WASHINGTON—A federal judge on Monday ruled against the National Security Agency’s collection of phone records, saying the program “almost certainly does violate” the Constitution.
However, the ruling will have little immediate effect and faces a lengthy future of court proceedings.
U.S. District Judge Richard Leon, who was nominated to the Washington, D.C., bench by former President George W. Bush, issued a 68-page ruling in favor of Larry Klayman, a conservative activist and lawyer.
Mr. Klayman filed suit in June, claiming that the program violated his Fourth Amendment right against unreasonable search.
On a daily basis, the NSA collects records of nearly every call made in the U.S. and enters them into a database in order to search for possible contacts among terrorism suspects. The scope of the program was revealed when former NSA contractor Edward Snowden leaked documents describing the program this spring.
The ruling came on Mr. Klayman’s request for an injunction barring the government from collecting any telephone records associated with Mr. Klayman and another plaintiff. In the ruling, Judge Leon ordered the government to destroy any such records it currently has.
However, “in light of the significant national security interests at stake in this case and the novelty of the constitutional issues,” the judge suspended his own order while the government pursues an expected appeal.
In issuing his ruling, the judge disagreed with a central premise of the program’s defenders—that a 1979 Supreme Court ruling allowing investigators to look at the phone records of a Maryland robbery suspect gave them the authority to collect phone records of nearly every American.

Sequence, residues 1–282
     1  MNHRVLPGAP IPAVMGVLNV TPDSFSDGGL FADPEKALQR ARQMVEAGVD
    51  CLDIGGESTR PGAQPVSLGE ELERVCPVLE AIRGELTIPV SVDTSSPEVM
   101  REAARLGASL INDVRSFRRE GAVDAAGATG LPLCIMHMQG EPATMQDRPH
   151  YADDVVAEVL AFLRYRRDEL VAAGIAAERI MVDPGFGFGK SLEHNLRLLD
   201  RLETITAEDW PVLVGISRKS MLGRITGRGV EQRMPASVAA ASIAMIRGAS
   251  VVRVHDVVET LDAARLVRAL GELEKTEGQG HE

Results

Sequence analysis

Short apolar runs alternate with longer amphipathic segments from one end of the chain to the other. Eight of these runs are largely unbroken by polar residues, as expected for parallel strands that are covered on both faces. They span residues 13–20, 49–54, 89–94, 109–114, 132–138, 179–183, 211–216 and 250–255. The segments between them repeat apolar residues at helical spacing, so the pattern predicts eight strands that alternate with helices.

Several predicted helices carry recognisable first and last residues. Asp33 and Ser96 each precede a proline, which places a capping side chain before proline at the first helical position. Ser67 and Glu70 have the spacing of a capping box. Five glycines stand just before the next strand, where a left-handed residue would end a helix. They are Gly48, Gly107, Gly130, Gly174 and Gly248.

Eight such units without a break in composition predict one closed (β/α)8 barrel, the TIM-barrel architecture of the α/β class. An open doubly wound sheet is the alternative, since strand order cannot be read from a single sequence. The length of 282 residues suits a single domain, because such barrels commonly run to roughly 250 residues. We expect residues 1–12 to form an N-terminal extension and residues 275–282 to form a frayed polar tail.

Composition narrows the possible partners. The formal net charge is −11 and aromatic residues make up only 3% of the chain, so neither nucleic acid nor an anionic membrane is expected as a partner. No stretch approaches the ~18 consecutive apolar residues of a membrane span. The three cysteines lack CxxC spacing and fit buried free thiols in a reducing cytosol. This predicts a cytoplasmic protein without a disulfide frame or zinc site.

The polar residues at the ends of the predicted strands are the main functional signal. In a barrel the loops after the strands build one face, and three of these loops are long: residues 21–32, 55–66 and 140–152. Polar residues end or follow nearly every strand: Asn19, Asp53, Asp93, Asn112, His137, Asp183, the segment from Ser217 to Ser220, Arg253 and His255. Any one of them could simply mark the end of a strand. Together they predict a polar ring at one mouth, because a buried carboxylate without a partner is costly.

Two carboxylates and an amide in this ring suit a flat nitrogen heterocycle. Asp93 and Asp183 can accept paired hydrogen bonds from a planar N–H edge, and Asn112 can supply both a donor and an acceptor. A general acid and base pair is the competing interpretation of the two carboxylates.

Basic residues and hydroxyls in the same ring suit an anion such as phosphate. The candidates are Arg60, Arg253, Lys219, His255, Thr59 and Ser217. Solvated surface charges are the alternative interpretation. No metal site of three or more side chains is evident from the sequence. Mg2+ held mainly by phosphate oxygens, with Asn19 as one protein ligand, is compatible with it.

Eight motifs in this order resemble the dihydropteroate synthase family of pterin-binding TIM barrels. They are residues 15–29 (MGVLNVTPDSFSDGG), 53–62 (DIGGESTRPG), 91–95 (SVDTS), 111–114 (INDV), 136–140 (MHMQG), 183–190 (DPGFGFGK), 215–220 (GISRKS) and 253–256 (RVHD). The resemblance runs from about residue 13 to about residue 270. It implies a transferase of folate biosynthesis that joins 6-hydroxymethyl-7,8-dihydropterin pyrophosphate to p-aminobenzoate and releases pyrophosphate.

Judge Leon ruled that the technology of both phones and phone surveillance has changed so much in the intervening years that the Smith decision is of little value in assessing the NSA program.
“The almost-Orwellian technology that enables the government to store and analyze the phone metadata of every telephone user in the United States is unlike anything that could have been conceived in 1979,” the judge wrote, adding: “I believe that bulk telephony metadata collection and analysis almost certainly does violate a reasonable expectation of privacy.”
A spokesman for the Justice Department said lawyers there were reviewing the decision and declined to comment further.
The ruling gives more ammunition to those in Congress who have argued for an overhaul of the laws authorizing government surveillance.
Senate Judiciary Committee Chairman Patrick Leahy (D., Vt.) welcomed the ruling, saying: “Americans deserve an open and transparent debate about the constitutionality, efficacy, and appropriateness of the government’s dragnet collection programs.”
The phone surveillance program has been attacked by legal activists on both the right and the left. A similar case is pending in federal court in New York, after the American Civil Liberties Union filed a lawsuit in the wake of the Snowden revelations. The judge in that case has yet to make a decision.
Judge Leon’s decision uses strong language, and even occasional exclamation points, to question the candor of the government lawyers who argued against Mr. Klayman and to knock down various arguments made on behalf of the phone surveillance program—particularly the legal basis of the 1979 decision.
“It’s one thing to say that people expect phone companies to occasionally provide information to law enforcement; it is quite another to suggest that our citizens expect all phone companies to operate what is effectively a joint intelligence-gathering operation with the government,” the judge wrote.
He added: “There is the very real prospect that the program will go on for as long as America is combating terrorism, which realistically could be forever!”